I’d like to talk about libraries.
Bear with me, it’s important. (Frog’s Northern Granny says so and you don’t want to mess with her – she’s a librarian).
Now, unless you’ve been abroad for a year or living in a hole somewhere, you might have gathered there’s been a bit of a fuss about libraries recently. Back in February, there were a load of very civilized “Read-ins”, where people went and sat in their local library reading books for a day. While it all sounds rather relaxing, they were actually making a very important point: libraries are under threat and we need to start showing we care about them.
The thing is, it doesn’t end there.
You might not know about it, but the Government’s reviewing a raft of duties that local authorities legally have to stick to. The Public Libraries and Museums Act of 1964 is one of them. This is the law that says local authorities have to provide a comprehensive and efficient public library service. In plain English, it means the likes of you and me get free access to decent books as well as all the other things that libraries do nowadays.
For mums like me, I’m talking about rhyme times and story sessions for our babies. Not the expensive ones you have to pay for, but the free ones, which are accessible to everyone.
When I was tiny, my mum and I used to go to the library a lot. We would sit and read a whole range of books for an entire afternoon. It was a treat, something I looked forward to and got excited about. It wasn’t that we couldn’t afford to buy our own books, we had a house full of them. But in the library, there were whole shelves of new stories. Ones I’d never read before. And if I was really lucky, there would be a story time, where an old woman would read to us and we’d have a little sing-song. As a three year old, this was my version of a Take That concert.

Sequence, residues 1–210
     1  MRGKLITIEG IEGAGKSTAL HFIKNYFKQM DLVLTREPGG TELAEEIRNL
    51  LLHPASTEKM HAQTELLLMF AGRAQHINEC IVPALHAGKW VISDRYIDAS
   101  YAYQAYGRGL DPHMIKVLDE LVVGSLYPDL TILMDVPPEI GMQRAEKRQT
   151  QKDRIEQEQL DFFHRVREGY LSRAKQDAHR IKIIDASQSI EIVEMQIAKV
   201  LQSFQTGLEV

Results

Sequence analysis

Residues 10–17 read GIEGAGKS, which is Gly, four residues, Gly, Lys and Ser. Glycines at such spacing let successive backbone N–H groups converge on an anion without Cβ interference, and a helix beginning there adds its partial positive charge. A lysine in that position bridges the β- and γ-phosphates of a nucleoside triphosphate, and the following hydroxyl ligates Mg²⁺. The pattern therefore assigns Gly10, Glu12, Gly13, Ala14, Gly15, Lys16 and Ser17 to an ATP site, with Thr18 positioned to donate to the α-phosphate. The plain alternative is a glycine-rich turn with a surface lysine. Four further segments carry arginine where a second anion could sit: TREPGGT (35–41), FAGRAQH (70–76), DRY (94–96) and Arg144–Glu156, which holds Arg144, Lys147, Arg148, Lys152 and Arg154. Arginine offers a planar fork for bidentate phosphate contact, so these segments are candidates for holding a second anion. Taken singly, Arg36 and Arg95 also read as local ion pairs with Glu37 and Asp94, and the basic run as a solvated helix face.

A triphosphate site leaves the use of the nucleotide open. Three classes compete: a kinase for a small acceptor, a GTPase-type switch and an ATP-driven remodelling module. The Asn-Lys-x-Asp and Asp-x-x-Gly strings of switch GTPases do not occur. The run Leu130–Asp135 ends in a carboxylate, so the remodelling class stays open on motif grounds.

Then I grew up and went to university. And the library once again became my friend. When I was back home and needed to research an essay or do some background reading, I knew I could pop along to the local library and pick up a book. It was a given. Easy.
And then I became a mum. Once again I turned to the library. Not to read up on anything this time, but to have a reason to get out of the house. I took my baby to rhyme time sessions and sing-along time. All free. Unlike the many other activities we do together.
But it looks like history won’t be repeated. When my daughter turns three, I won’t get to take her to the library. We won’t get to find a quiet corner and read some new books. She won’t get a mini Take That concert in the form of a sing-along session. Because the libraries are going.
Unless we do something about it.
Remember The Public Libraries and Museums Act I was banging on about just now? This is the law that says councils have a legal duty to provide library services. Well the Government wants to find out if we think this still stands. Should councils still have to provide libraries? Are they needed, or are they a “burden” (their words, not mine).
If you want to speak up, all you have to do is fill in a form which takes all of two minutes. There are more details here.
If you think this doesn’t affect you, think again. False Economy recently published a map showing all the cuts and proposed cuts to libraries around the UK. The chances are you’ll see a red mark where you live.
So please make Frog’s Northern Granny proud. Fill in that form and tell them you want to keep the libraries. For your children. And your children’s children. And your children’s children’s children. (I could go on, but you get where I’m going with this).
Frog + book = happy baby